-- Add a new event that intercepts the Action
Action = "Comp_Activate_Tool",

Over to the AddTool Action:

Code: Select all

-- Add a new event that intercepts the Action
Action = "AddTool",

User avatar
AndrewHazelden
Fusionator
Posts: 1219
Joined: Fri Apr 03, 2015 3:20 pm
Location: West Dover, Nova Scotia, Canada
Been thanked: 11 times
Contact:

Fusion Registry Scanner Script

#143

Post by AndrewHazelden » Sat Jun 09, 2018 5:46 pm

The Fusion Registry Scanner comp script generates a super detailed report of Fusion's active libraries/plugins/nodes/fuses by probing Fusion's core registry. The resulting UserData:/Registry.log text file that is saved is automatically opened up in the programmer's text editor you have defined in your Fusion preference's "Script Editor" setting.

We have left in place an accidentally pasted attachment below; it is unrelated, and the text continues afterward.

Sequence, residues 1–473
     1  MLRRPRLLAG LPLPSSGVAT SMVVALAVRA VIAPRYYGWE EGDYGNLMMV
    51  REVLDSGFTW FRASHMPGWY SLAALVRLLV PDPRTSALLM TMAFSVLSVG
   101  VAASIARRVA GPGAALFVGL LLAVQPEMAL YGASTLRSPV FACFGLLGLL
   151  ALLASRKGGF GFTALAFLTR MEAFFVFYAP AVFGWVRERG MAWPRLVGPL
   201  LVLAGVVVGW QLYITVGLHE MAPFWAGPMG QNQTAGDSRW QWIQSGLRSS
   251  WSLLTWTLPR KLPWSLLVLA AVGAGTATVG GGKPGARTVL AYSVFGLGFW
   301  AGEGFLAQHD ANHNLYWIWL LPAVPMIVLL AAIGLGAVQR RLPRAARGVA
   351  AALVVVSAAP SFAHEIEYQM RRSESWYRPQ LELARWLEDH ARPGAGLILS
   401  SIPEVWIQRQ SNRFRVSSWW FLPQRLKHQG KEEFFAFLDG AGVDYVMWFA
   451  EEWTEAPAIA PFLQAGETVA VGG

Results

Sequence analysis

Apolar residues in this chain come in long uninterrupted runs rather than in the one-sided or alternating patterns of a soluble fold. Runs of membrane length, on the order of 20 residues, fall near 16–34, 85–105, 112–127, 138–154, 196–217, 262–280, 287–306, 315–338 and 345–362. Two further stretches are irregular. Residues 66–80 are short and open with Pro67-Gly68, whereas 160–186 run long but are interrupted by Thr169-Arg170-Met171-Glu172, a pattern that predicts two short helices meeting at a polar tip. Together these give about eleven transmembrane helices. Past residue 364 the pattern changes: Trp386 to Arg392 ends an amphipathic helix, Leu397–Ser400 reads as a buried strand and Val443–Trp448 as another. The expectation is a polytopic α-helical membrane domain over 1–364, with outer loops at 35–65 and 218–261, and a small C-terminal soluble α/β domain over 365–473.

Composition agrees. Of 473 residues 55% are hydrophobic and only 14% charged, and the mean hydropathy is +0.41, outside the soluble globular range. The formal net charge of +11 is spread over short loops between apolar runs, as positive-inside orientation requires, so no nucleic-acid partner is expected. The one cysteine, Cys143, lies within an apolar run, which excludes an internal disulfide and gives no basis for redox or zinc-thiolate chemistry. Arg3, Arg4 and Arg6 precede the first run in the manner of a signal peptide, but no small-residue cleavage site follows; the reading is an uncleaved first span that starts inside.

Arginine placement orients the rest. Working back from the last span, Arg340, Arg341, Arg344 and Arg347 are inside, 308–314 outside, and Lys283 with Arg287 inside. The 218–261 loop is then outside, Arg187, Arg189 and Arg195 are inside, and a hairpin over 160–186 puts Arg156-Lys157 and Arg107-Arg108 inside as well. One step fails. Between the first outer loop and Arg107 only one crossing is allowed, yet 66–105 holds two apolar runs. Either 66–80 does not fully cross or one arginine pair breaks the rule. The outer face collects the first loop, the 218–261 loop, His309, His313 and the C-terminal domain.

This script is a great research tool that will enable you to dig deeper into Fusion and find out more about the internals of the compositing package. You can really take your Fusion pipeline tool development efforts to the next level if you are armed with a Fusion registry report, and the Fusion Script Help Browser. These tools allow you to bypass the boundaries of Fusion's own documentation and venture into using undocumented features for power user level access to exotic Fusion features you would never know about otherwise. ;)

Download the Lua Script

This script works with Fusion 9.0.2 and Resolve 15 Beta 4.

Code: [Select all] [Expand/Collapse] [Download] (Fusion Registry Scanner.lua)
  1. VERSION = '1.0 2018-06-09'
  2. --[[--
  3. Fusion Registry Scanner.lua